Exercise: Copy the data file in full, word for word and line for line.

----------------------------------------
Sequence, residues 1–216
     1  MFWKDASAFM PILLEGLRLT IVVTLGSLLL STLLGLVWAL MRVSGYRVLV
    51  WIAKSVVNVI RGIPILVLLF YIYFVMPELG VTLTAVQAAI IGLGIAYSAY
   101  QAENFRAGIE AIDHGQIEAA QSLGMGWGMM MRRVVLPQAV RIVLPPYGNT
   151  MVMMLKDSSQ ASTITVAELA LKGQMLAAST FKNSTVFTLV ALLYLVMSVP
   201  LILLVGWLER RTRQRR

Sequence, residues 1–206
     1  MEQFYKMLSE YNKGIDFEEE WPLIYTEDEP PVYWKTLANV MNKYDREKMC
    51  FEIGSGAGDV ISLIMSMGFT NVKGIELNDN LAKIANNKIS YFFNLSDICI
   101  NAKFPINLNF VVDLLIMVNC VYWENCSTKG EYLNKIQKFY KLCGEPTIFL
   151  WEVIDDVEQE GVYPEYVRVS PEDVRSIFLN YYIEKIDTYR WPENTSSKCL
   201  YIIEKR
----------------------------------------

Sequence, residues 1–216
     1  MFWKDASAFM PILLEGLRLT IVVTLGSLLL STLLGLVWAL MRVSGYRVLV
    51  WIAKSVVNVI RGIPILVLLF YIYFVMPELG VTLTAVQAAI IGLGIAYSAY
   101  QAENFRAGIE AIDHGQIEAA QSLGMGWGMM MRRVVLPQAV RIVLPPYGNT
   151  MVMMLKDSSQ ASTITVAELA LKGQMLAAST FKNSTVFTLV ALLYLVMSVP
   201  LILLVGWLER RTRQRR

Sequence, residues 1–206
     1  MEQFYKMLSE YNKGIDFEEE WPLIYTEDEP PVYWKTLANV MNKYDREKMC
    51  FEIGSGAGDV ISLIMSMGFT NVKGIELNDN LAKIANNKIS YFFNLSDICI
   101  NAKFPINLNF VVDLLIMVNC VYWENCSTKG EYLNKIQKFY KLCGEPTIFL
   151  WEVIDDVEQE GVYPEYVRVS PEDVRSIFLN YYIEKIDTYR WPENTSSKCL
   201  YIIEKR